The loss of trees within backland plots to make way for development will be resisted, and planning applications for new homes will need to demonstrate how existing trees will be protected during construction works and how the layout of accommodation responds positively to existing trees. All planning applications for sites with, or close to, existing trees must be accompanied by an arboricultural survey and method statement.
New external surfaces should be permeable wherever possible, and the use of Sustainable Drainage Systems (Toolkit) should be considered where appropriate.
Green or brown roofs can help mitigate the loss of green space and their use is encouraged wherever possible.
31.4. Waste and recycling
Provision must be made for the storage of household waste, and adequate access provided for collection.
Where refuse vehicle access and turning cannot be provided, refuse should be stored no further than 10m from the adopted highway, and no more than 30m from a proposed dwelling. On sites of this type, this means that dwellings can be located up to 40m from the highway.
In some cases it may be possible for refuse vehicles to reverse a maximum of 20m into a development on the basis that turning access can be provided from the highway, and the design of the road junction allows. This increases the distance of the furthest dwelling from the highway to 60m.
This approach will only be accepted where there are a sufficient number of homes within the development to justify it. Early engagement with the Lewisham’s waste and recycling team is advised to ensure that proposals are acceptable.
Where these distances are not achievable, it may be possible to implement a management strategy where waste and recycling is moved from outside the entrance to dwellings to a collection point. Because this will likely result in additional service charges, and is heavily reliant on ongoing management, such an approach will only be allowed in exceptional circumstances. It may be necessary to secure this service through a Section 106 agreement.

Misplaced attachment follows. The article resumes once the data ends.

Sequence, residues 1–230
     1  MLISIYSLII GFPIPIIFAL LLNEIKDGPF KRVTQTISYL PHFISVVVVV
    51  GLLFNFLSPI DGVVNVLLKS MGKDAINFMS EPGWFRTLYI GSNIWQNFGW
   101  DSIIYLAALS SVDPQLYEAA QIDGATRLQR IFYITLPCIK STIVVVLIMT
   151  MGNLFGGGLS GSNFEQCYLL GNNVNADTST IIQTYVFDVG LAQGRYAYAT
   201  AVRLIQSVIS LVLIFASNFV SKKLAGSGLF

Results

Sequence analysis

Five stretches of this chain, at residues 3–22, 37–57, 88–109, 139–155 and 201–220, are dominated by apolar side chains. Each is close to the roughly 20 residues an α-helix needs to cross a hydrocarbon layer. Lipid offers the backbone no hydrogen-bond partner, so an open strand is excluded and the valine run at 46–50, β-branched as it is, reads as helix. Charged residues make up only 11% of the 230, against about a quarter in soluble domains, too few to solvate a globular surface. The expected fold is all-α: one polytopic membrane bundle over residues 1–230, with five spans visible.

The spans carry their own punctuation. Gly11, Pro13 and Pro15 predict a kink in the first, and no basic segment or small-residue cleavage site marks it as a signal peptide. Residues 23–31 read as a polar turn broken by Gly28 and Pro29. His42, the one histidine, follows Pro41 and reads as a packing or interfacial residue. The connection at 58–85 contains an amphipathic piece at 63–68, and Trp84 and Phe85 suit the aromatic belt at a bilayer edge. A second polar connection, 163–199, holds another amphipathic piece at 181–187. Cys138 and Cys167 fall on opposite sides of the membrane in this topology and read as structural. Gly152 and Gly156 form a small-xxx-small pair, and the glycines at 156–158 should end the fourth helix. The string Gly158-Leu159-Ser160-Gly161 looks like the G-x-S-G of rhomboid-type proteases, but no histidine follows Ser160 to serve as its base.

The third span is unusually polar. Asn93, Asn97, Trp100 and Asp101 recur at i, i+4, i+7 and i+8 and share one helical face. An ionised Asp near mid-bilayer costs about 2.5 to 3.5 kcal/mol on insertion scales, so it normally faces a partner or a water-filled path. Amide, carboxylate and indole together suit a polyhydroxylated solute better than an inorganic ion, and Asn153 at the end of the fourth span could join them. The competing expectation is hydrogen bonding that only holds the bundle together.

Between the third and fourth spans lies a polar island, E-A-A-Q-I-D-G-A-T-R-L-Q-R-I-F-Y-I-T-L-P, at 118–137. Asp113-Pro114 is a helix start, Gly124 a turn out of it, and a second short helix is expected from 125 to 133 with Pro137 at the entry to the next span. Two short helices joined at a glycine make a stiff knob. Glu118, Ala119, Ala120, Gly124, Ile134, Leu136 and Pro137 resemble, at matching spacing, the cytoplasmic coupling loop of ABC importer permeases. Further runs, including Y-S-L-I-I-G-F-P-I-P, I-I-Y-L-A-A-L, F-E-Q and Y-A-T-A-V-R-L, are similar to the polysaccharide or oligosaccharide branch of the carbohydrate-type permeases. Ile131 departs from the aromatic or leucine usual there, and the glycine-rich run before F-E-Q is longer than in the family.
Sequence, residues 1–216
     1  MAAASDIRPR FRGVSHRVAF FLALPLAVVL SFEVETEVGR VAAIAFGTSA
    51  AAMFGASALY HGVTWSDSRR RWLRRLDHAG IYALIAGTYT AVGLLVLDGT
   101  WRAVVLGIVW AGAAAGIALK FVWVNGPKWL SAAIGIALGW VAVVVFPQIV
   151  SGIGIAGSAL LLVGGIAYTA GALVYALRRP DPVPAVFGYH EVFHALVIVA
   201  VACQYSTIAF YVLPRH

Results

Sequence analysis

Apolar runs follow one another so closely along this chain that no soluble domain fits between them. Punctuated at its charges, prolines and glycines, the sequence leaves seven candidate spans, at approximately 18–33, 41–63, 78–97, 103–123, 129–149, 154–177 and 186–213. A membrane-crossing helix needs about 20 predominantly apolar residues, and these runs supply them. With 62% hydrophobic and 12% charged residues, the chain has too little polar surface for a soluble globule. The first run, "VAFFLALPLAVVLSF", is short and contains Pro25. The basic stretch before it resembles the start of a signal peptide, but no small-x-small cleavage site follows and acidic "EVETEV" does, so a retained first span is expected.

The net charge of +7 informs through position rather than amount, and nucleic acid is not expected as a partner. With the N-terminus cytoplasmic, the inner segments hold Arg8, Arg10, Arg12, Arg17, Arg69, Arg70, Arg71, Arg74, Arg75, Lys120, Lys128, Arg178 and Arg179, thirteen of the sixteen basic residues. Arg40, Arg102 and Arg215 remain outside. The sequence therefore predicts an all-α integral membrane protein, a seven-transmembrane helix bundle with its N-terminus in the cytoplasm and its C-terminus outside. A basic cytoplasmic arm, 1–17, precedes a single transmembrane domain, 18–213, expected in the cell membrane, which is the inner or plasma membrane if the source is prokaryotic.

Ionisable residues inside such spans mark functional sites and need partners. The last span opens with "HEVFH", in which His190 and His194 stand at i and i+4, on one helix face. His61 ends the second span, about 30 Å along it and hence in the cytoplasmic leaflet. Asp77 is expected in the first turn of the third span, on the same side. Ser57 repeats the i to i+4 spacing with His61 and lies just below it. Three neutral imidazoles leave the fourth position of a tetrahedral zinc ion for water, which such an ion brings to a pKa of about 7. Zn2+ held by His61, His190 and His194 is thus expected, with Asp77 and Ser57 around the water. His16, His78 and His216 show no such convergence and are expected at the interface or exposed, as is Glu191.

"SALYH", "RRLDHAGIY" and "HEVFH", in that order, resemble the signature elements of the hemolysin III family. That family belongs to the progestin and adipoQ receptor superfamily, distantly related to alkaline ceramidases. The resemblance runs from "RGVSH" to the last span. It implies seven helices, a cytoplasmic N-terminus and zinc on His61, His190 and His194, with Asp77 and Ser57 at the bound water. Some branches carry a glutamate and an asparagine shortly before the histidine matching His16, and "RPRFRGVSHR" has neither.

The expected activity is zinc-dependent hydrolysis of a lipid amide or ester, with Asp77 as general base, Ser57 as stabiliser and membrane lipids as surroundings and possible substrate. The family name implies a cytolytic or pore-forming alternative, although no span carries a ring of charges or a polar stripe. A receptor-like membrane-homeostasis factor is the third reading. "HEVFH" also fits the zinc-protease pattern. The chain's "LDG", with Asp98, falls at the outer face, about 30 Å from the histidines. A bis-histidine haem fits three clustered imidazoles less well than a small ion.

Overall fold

All developments with on-site refuse collection will require the road surface to be sufficiently robust to withstand the weight of vehicles. Key dimensions are also required to show that the movement of collection vehicles does not compromise the safety of pedestrians.
31.5. Privacy and overlooking
By their very nature backland sites are usually located in close proximity to the gardens of existing homes. The design of new development should limit, where possible, direct overlooking of existing neighbouring gardens, particularly within the first 10m of the rear of the existing dwelling.
31.6. Access for cars, emergency vehicles and deliveries
Car-free developments will be encouraged in areas with good access to public transport or close to town centres. In most backland developments it will not be necessary for private vehicles to enter, and access only needs to be provided for emergency vehicles, deliveries and, in some circumstances, waste collection vehicles.
Where there is limited access to the public transport network and where sites are some distance from town centres, car parking may be provided within developments. In this case car parks serving new development should be located close to the entrance to the site with the public realm outside new homes restricted to pedestrians only. Proposals which provide excessive quantities spaces, or space for parking within the curtilege of individual homes, will be resisted, except for spaces reserved for those with disabilities.
The fire brigade requires access for a pumping appliance to be within 45m of all points inside the dwellinghouse, or within 18m of a dry fire main inlet. Dead-end access routes longer than 20m require turning facilities. Refer for Building Regulations Part B for more details of the requirements for access for the purposes of fire-fighting.